With minerals being crucial for the growth and development of chickens due to their involvement in numerous physiological processes, choosing the most bioavailable forms is vital to optimizing health and performance. The results from the above-mentioned meta-analysis demonstrate improved performance parameters when using organic trace minerals, at a lower inclusion rate, in the form of Bioplex.

The life-cycle assessment (LCA) then showed that the correct form and inclusion level of mineral supplementation can enhance layer productivity, improve profitability, reduce carbon footprint and meet sustainability goals. With correct formulation, more cost-effective, environmentally sustainable feeds for poultry can be produced, resulting in a greater return on investment and a lower carbon footprint.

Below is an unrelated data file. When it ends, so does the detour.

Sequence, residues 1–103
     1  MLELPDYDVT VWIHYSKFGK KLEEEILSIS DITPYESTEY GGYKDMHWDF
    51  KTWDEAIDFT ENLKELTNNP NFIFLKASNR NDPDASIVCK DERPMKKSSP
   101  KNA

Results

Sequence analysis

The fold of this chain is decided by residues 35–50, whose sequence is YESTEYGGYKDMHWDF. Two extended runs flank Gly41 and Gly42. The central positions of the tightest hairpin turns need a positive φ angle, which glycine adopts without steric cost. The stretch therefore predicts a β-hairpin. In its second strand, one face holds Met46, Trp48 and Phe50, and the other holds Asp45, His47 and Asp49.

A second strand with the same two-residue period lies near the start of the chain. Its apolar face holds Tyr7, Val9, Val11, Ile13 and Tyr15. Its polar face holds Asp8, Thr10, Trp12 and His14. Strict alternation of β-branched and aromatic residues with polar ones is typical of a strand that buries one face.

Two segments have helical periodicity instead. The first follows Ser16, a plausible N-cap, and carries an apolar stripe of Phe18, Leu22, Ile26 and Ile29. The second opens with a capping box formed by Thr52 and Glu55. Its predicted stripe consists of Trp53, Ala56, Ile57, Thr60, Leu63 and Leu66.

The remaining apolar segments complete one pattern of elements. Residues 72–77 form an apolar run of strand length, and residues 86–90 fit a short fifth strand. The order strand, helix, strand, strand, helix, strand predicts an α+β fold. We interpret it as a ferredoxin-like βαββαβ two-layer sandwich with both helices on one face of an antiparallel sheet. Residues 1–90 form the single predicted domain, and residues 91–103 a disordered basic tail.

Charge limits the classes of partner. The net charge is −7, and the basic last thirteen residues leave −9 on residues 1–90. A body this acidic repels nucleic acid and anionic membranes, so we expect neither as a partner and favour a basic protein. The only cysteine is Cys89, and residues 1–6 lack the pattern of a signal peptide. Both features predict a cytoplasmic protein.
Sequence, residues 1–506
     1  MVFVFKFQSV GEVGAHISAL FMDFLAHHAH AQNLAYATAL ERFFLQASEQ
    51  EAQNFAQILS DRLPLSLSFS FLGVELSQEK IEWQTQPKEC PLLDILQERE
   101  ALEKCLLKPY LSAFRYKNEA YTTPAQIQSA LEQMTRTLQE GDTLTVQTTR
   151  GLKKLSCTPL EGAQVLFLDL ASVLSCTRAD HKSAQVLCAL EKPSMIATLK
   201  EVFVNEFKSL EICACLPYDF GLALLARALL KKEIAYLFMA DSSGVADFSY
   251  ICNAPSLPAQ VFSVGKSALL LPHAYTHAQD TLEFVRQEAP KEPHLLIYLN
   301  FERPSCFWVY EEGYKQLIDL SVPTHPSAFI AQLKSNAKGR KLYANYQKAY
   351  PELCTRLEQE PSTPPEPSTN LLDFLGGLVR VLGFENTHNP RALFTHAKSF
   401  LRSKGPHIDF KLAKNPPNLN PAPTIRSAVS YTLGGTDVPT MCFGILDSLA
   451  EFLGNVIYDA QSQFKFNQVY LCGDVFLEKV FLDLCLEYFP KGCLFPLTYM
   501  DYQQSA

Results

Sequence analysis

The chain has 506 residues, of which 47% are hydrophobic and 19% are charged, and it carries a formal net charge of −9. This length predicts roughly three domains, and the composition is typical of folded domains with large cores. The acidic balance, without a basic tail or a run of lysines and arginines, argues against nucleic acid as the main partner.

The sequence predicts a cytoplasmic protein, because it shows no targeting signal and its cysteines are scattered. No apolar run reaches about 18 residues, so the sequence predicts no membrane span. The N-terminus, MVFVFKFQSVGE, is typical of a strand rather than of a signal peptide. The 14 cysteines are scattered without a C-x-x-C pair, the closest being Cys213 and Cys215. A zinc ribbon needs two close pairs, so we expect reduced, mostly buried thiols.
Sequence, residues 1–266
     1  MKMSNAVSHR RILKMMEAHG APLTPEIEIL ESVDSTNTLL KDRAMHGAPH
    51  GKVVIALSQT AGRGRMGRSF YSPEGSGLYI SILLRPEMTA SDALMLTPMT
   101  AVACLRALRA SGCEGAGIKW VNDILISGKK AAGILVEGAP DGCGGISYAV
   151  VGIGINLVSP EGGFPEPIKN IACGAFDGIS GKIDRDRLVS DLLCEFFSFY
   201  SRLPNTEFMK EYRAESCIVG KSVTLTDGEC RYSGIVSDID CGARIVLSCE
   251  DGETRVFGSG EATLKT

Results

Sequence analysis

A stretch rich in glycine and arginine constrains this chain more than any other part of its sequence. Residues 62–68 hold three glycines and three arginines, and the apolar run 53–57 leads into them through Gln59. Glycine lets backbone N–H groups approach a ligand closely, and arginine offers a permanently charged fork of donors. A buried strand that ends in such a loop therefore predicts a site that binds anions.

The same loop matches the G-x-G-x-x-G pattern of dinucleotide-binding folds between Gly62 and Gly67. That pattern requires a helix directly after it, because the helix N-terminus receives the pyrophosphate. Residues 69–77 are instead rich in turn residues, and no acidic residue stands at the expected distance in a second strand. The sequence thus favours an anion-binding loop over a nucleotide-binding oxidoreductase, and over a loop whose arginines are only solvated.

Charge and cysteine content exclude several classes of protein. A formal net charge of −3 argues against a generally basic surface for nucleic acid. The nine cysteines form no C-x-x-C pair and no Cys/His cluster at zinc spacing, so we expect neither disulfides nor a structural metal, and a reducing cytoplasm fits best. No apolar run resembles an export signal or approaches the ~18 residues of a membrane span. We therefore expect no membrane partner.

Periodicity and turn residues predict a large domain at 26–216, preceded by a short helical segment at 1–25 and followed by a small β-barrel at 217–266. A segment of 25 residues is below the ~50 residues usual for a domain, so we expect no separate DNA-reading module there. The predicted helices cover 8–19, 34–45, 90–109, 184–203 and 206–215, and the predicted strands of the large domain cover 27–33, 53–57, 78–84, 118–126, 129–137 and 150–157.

​Byrne, L., S. Ross, J. Taylor-Pickard, et al. (2023). The Effect of Organic Trace Mineral Supplementation in the Form of Proteinates on Performance and Sustainability Parameters in Laying Hens: A Meta-Analysis. ​Animals: an open access journal from MDPI, 13(19), 3132. (n.d.). Egg nutrition and health | Egg Recipes – British Lion Eggs. [online] Available at:

About the author:

Dr. Harriet Walker is the poultry specialist for the Alltech® Technology Group. Within this role she provides technical support to the sales force and supports and interprets poultry research activities, focusing on providing solutions to optimize animal performance and efficiency.

Before taking this role, Harriet worked in the industry as a poultry nutritionist, developing a solid nutritional and technical knowledge base. She has extensive experience in bird nutrition and management over various farm sizes and poultry types.

Harriet completed her Ph.D. at Nottingham Trent University in 2013, evaluating the gut health and performance of broilers when feeding supplements to reduce antibiotic use, elucidating their mode of action. She also studied animal science at the University of Nottingham, where she completed her third-year dissertation in poultry nutrition in 2009.